Then we traipsed off to Niagara Falls with the kids, which was tremendous. Then we drove to Chicago and the little girls, on a big adventure together to take the empty luggage cart back down to the lobby, decided to jump up and down in the elevator and break it, and get stuck while Mom and Dad looked for them frantically. Then we drove up to Wisconsin for Eric’s father’s family reunion. We went to a church there called “Sovereign Grace Church” and although it wasn’t a Sovereign Grace Church, it was great. Then we went to the Great Wolf Lodge at the Wisconsin Dells, which was a blast. Then we drove to Indiana to visit our good friends, the Slonims, who are all grown up and wonderful and we had a fantastic time there. Then we finally made the final trip back here to Maryland!
It took us a long time to unpack all our boxes, get the beds set up, and get the school books organized, but it was a great feeling. We were warmly greeted by everyone here at the church and the Pastors’ College staff and the neighborhood. The kids were extremely happy with friends coming out of the woodwork to play. Emma mastered the bicycle right away and I couldn’t keep the kids in the house. The neighborhood had a movie night and the kids started producing musicals and inventing clubs and baking from morning to night. We joined the Montgomery Village Foundation and began to go to the swimming pool on a regular basis.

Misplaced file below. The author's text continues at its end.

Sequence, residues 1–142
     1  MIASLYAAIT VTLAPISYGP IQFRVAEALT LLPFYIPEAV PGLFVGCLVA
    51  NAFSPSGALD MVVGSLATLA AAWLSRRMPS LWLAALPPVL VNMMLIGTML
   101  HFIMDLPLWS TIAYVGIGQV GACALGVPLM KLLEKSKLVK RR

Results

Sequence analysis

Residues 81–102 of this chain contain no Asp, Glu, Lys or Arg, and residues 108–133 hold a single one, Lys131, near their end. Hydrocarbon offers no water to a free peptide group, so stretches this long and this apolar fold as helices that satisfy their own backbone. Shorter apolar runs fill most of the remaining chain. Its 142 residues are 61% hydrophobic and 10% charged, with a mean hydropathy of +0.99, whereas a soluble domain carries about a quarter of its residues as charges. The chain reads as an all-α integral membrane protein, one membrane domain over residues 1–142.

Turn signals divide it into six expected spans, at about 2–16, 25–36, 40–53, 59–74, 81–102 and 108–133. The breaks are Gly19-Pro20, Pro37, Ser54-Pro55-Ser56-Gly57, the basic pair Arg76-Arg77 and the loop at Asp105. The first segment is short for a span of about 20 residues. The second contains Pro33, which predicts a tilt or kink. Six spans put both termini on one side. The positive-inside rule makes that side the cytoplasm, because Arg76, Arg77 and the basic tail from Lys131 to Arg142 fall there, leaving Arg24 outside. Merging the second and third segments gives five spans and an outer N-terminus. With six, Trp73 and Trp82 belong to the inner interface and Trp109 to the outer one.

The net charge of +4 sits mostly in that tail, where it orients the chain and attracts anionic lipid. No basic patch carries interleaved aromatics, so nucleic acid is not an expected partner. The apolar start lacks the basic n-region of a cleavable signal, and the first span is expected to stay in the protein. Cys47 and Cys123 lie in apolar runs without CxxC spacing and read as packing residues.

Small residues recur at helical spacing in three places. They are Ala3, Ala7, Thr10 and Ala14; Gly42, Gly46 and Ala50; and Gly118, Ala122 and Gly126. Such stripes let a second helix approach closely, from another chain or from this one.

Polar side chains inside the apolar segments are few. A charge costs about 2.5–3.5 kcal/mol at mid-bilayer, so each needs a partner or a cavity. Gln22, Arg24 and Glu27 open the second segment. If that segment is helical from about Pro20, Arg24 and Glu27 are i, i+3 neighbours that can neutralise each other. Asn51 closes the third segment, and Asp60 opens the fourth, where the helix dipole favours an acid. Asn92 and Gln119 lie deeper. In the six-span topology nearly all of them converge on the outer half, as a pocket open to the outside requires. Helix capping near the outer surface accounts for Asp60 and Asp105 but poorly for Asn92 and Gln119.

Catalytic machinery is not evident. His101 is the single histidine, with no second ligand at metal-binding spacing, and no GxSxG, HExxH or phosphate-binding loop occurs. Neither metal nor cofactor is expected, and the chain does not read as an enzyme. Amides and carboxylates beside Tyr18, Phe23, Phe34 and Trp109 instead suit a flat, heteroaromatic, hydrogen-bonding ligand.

Now since my kids had been living on a farm for years, they had scant opportunity to practice and develop certain values and disciplines associated with spending hours and hours unsupervised in a neighborhood. So, neighborhood living really opened our eyes to some parenting work that had to be done, and we are on the job. Our conviction that we had work to do was only punctuated by a sermon by Joshua Harris from Proverbs where he pointed out that the world does not have only one “talk” with your child, and then retreat. It’s a constant conversation.
The first PC family to arrive (aside from two families who already lived here) was Jon and Anna Morales from Florida. They came with their two children, and Anna about to give birth. We became very close (they live two doors up in our townhouse) and watched their children on the night Anna had baby Piper. It is sweet to watch how close God can draw us together when we are all in the same proverbial boat.
As each PC family arrived, we were able to greet many of them on some level and we could tell right away that, from a social perspective, that the year was going to be one big party. Eric’s classmates are so interesting and entertaining!